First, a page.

The Capital Region Vegan Network website, www.capregionvegans.org, has a restaurant guide.
Heilmann is constantly hunting for recipes online.
“I just go to Google and type stuff in. I’ll look at four or five different recipes. It’s experimenting and not being afraid to try something,” she says.
“It’s very easy to convert traditional meals into vegan meals,” Henderson says. “That’s the main thing that I like to tell people.”
When Fyvie invites her nonvegan family members over for Thanksgiving and Christmas, they bring their own turkey and gravy, and she makes all of her vegan side dishes.
“My dad pretends he doesn’t like it,” she says. “I think people hear the word ‘vegan’ and they get scared. They think it’s not going to taste good. Once they taste it, they absolutely love it and can’t get enough.”
Chelsea Heilmann uses this recipe for stuffed shells or lasagna.
- 2 cups almonds
- 1 1/4 cup water
- 2 tablespoons unsweetened almond milk
- 1 tablespoon garlic powder
- 2 tablespoons lemon juice
- 2 tablespoons salt
- 7-9 leaves of fresh basil
Place all items in a food processor and blend and keep pushing the mixture down until almonds are all broken down. Blending will take 15 to 20 minutes until it’s thick and dense.
Take out of blender and mix with 1/2 cup of your favorite vegan mozzarella.
Stuff inside shells or layer in a lasagna.
Red Lentil Soup
Leann Fyvie says this soup is “so pretty and colorful, and super easy to make.”
- 1 cup red lentils
- 4 cups (or one box of veggie broth)
- 2 cups Water
- 3 medium-sized carrots, diced
- 3 stalks of celery, diced
- 2 medium tomatoes, diced
- 1 clove Garlic, diced, or 1/4 teaspoon garlic powder
- Dash of onion powder or fresh chopped onion
- 1 teaspoon coriander
- 1/2 teaspoon cumin
- 1 teaspoon salt
- Dash of Pepper
- Spinach or greens for topping
1. Dice veggies.
2. Add water and veggie broth to pot.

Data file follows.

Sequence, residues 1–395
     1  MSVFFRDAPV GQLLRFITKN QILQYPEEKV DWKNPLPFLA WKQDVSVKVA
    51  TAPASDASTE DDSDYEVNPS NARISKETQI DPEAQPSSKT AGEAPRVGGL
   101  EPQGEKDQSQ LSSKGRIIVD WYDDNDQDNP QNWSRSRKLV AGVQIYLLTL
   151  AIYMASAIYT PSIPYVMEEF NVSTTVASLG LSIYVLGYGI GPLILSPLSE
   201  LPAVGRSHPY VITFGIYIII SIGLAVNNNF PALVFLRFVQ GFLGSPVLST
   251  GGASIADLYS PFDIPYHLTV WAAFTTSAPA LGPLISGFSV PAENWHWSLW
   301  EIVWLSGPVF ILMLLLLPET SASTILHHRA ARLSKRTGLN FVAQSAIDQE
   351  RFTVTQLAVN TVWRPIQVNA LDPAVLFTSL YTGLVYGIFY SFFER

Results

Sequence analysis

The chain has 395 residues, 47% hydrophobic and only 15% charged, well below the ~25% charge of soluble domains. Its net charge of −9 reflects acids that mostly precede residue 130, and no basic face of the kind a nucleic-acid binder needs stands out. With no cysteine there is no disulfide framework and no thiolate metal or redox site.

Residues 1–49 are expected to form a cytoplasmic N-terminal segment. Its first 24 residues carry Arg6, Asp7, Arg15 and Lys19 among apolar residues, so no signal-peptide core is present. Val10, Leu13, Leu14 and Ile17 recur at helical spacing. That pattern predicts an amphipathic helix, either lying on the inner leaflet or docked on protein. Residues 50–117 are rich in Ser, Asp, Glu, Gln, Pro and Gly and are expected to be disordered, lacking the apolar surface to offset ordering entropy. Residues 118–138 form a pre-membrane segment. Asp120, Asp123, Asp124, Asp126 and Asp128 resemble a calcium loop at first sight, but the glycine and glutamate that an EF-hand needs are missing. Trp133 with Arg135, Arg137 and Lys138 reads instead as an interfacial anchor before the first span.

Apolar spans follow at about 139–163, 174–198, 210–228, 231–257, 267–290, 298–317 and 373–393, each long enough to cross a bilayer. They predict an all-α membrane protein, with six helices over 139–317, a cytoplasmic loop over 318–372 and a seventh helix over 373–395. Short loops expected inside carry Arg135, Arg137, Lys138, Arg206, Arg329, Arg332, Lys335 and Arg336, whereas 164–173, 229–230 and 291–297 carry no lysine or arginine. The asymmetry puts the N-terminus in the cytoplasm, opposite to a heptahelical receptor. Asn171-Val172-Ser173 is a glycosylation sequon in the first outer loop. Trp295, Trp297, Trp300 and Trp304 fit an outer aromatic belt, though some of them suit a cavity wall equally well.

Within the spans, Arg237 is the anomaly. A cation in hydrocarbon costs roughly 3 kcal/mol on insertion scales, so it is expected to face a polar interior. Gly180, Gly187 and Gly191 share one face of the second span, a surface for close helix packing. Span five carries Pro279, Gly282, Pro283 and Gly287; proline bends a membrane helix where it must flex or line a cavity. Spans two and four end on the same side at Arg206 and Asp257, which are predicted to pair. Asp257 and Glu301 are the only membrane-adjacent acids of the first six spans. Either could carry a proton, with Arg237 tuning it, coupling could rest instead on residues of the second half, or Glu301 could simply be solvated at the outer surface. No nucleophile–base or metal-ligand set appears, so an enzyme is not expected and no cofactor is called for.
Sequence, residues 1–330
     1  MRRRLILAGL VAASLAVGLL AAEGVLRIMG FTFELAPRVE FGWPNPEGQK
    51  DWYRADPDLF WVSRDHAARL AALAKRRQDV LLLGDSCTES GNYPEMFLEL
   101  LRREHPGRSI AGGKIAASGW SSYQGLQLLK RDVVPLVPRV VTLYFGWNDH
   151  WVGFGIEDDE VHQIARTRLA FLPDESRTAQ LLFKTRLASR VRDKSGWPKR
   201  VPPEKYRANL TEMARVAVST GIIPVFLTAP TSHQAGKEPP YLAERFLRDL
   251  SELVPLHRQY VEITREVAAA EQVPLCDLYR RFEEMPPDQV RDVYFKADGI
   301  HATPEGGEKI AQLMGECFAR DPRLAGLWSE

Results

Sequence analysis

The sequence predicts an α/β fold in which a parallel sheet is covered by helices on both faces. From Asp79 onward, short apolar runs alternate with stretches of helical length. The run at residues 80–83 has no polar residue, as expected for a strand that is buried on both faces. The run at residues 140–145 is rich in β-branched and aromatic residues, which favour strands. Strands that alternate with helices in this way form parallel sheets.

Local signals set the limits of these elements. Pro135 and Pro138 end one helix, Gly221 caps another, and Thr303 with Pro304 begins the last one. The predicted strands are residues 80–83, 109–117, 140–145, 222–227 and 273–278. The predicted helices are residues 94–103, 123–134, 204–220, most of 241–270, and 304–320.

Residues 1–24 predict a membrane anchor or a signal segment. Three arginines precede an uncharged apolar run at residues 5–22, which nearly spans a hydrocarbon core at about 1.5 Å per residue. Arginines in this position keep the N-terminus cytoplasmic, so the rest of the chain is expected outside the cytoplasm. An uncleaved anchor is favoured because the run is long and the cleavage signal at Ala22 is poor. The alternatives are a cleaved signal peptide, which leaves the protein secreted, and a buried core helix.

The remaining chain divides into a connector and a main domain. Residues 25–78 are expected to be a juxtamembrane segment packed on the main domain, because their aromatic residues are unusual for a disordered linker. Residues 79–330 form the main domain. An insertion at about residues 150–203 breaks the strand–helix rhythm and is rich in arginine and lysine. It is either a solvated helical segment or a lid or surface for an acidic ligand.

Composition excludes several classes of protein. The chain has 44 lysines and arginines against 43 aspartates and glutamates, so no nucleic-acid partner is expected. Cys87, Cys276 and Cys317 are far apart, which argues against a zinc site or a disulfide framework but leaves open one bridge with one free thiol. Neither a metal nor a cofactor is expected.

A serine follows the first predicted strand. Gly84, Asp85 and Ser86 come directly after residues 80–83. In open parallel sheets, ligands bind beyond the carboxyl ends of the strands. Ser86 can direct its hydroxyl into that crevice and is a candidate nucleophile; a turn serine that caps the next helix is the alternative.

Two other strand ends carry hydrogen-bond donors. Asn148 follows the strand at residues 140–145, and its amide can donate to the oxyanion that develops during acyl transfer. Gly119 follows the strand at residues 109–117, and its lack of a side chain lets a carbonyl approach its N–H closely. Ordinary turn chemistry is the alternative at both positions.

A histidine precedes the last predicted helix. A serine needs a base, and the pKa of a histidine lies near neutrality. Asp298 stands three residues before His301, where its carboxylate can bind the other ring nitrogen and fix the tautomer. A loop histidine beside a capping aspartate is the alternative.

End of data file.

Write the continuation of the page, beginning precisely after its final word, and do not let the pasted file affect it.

3. Add veggies and spices to the pot.
4. Bring to a boil.
5. Cover pot and simmer for 10 minutes.
6. Add lentils and simmer for another 15 minutes.
7. Add greens if desired.
Claire Henderson likes this recipe from the Bosh! Website (www.bosh.tv/recipes). “It’s great for either Thanksgiving or Christmas, and I recommend adding some mushroom gravy.”
- 4 portabella mushrooms
- 4 cloves garlic (minced)
- 1 tbs. fresh thyme leaves
- 1 tbs. fresh rosemary (finely chopped)
- splash olive oil
- sprinkle of salt and pepper
- Splash olive oil
- 1 large red onion
- 1 tbs. fresh rosemary (finely chopped)
- Sprinkle of salt and pepper
- 1 cup white wine
- 1/2 tbsp. brown sugar
- 2 cups chestnuts
- 2 cups pecans
- 2 slices seeded bread
- 1/2 cup vegetable stock
- 2 blocks shortcrust pastry
- 1/2 cup soy milk (for brushing on pastry before baking
1. Put the portobello mushrooms in a baking tray & cover in a splash of olive oil.
2. Sprinkle the rosemary, thyme, salt, pepper and garlic over the top of the mushrooms.
3. Bake at 400 degrees for 15 minutes, and once they’re ready, set to one side to cool (this gives you the time you need to prepare the next stage of the dish).
4. Put the red onion in a pan with olive oil and fry until it’s translucent.
5. Add the rosemary, thyme, salt, pepper and cook them together until they start sticking.
6. Add a cup of white wine and cook the alcohol off.
7. Add some brown sugar and mix it so it caramelizes. Pour the mixture in a glass mixing bowl.
8. Put chestnuts, pecans and bread in a food processor, and whiz them all up into crumbs.